The fine line that separates quirky and endearing from smug, mannered and grating is BMXed over and left 100 miles behind in ‘Me And Earl And the Dying Girl’ – the latest teen flick romanticising premature death, says Peter Dunne.
Greg (Thomas Mann) deliberately drifts through high school making just enough impact to be noticed without being expected to join any of the cliques. Greg’s one friend, Earl (RJ Cyler) or ‘co-worker’, as he prefers to call him, assists in creating parodies of classic foreign language and arthouse films for their enjoyment alone.
Their decidedly disdainful views of their peers are rattled when Greg’s mother forces him to visit Rachel (Olivia Cooke), who has recently been diagnosed with leukemia. Through her friendship, Greg reconnects with the life he is allowing to pass him by as the possibility grows that she may lose hers.
It is enthusiastically directed by Alfonso Gomez-Rejon, also responsible for several episodes of Glee and adapted by screenwriter, Jesse Andrews from his own book to the big screen. However, events suggest someone else should have taken a pass over the script and attempted to rein it in. With every character having quirks so unusual and extreme, it becomes impossible to ignore that that’s all they are – characters. The only place you could possibly encounter such a series of oddballs in close proximity would be a madhouse. For instance – an intelligent teacher can’t just teach, he also has to contradictorily act like a gang member and be covered in tattoos. A pre-grieving, wine clutching mother has to tipsily hug and smooch strange teenage boys who come to her door, and a cat-obsessed, dressing-gowned father has to talk in detached announcements and give his son weird international foods for lunch, including at one point an actual bag of green slime.
While there is a certain amount of charm to proceedings, everything is just too forced. Greg and Earl, at age seven, watch the making of Werner Herzog’s ‘Fitzcarraldo’, for instance. Obviously placed posters and albums, used to imply that these children could have the breadth of (it has to be said) pretentious tastes that it takes nerds decades to cultivate, succeed only in making eyes roll. The film seems to revel in its supposed cleverness and wittiness but just because it smugly points out the cliches doesn’t mean it is off the hook for then using them in turn.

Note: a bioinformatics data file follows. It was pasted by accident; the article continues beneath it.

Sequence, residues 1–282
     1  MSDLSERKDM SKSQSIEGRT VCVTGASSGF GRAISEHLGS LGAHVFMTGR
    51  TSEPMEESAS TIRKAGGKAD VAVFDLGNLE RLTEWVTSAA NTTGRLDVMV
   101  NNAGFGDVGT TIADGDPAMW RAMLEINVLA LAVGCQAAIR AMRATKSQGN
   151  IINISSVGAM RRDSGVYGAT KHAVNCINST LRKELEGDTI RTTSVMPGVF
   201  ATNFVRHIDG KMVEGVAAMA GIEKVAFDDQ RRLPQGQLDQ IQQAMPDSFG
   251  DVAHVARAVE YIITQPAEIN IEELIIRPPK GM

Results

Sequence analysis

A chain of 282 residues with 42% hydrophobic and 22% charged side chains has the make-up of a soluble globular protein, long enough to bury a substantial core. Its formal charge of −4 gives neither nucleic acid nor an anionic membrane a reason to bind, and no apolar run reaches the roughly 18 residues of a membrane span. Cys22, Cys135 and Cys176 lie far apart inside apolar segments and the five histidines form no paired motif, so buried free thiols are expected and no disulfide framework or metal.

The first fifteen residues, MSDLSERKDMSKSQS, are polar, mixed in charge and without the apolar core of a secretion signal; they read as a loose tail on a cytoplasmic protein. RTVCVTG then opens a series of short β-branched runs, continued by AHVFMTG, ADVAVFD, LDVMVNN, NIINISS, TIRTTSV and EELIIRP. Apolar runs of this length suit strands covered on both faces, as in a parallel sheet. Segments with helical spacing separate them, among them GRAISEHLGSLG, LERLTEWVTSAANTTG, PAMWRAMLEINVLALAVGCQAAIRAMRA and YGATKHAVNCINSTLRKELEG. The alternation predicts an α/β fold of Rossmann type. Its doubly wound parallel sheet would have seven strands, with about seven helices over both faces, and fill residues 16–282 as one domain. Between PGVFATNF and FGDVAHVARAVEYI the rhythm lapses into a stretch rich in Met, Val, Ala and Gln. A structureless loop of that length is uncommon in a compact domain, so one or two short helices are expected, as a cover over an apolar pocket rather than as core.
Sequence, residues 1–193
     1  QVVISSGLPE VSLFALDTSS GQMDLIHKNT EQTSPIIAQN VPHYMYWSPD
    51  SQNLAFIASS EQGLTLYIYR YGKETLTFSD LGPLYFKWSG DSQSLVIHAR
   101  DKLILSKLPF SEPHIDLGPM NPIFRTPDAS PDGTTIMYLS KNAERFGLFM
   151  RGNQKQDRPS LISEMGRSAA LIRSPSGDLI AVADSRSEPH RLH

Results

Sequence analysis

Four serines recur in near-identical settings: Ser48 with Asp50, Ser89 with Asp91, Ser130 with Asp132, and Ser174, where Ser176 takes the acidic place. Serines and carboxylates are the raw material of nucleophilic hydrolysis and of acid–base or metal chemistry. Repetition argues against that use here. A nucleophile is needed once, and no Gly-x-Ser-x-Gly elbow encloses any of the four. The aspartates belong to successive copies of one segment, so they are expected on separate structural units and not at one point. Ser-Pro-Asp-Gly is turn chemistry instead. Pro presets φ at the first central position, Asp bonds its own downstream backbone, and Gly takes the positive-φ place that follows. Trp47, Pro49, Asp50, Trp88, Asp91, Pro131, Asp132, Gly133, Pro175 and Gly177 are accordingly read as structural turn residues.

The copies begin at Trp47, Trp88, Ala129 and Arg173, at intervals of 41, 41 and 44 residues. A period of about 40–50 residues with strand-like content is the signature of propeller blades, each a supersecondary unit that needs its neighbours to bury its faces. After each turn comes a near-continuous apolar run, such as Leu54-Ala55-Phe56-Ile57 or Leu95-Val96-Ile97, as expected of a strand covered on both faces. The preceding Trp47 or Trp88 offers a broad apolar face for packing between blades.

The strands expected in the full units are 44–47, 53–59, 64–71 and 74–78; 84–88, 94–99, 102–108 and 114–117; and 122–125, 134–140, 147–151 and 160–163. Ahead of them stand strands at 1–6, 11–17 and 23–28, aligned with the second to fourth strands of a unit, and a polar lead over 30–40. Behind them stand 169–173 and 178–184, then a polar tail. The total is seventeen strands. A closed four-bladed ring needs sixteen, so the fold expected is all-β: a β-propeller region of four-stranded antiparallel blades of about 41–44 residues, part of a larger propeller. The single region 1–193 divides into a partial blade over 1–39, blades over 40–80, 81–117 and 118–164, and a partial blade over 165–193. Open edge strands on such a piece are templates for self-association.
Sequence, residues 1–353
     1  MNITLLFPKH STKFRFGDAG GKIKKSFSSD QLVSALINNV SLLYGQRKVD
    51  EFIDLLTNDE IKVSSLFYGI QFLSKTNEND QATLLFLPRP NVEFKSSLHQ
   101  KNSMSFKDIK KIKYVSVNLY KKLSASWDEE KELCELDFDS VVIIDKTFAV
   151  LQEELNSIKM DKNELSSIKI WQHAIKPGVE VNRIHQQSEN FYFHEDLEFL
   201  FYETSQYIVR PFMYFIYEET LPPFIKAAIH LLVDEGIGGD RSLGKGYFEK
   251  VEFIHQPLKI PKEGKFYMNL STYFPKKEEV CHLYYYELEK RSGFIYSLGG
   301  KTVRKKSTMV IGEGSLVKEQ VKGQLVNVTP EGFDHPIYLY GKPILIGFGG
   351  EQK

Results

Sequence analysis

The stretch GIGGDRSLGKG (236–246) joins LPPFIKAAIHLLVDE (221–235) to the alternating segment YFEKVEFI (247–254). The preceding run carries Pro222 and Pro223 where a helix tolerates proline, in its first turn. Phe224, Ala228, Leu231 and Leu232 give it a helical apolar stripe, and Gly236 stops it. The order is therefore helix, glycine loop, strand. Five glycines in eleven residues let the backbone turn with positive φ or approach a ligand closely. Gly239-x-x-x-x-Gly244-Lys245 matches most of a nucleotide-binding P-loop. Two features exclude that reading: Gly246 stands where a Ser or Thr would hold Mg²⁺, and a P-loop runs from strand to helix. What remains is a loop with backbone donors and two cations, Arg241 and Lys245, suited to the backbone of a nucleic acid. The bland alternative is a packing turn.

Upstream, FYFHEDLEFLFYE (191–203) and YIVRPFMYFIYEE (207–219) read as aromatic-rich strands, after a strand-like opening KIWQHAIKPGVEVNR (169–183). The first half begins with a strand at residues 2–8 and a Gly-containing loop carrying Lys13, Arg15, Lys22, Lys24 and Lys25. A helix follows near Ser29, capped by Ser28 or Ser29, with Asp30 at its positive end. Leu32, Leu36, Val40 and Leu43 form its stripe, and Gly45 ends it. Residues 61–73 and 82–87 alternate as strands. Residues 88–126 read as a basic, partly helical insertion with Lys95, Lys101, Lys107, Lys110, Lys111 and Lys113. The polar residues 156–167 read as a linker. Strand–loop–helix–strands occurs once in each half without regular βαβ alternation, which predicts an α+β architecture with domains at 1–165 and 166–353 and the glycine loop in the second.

All that being said, proceedings zip along at a great pace, the film looks great and there are a couple of genuinely touching moments, mostly whenever Olivia Cooke’s tear brimming, liquid eyes fill the screen, supported by a lovely Brian Eno soundtrack. Unfortunately, despite being hidden in plain sight in the movie’s title, the main problem slowly becomes apparent. Greg mentions Earl, but calls Rachel ‘The Dying Girl’, and in the end, that is all she is reduced to – a cypher for how Greg is affected by the situation. She is merely there to illustrate what a caring, wonderful person Greg supposedly is, rather than being an actual human herself.
Me And Earl… did win both the Audience Award and Special Jury Prize at the Sundance Film Festival but didn’t make the successful mainstream crossover that distributors Fox Searchlight hoped and paid for.
‘Me and Earl and The Dying Girl’ hits cinemas on September 4, 2015.
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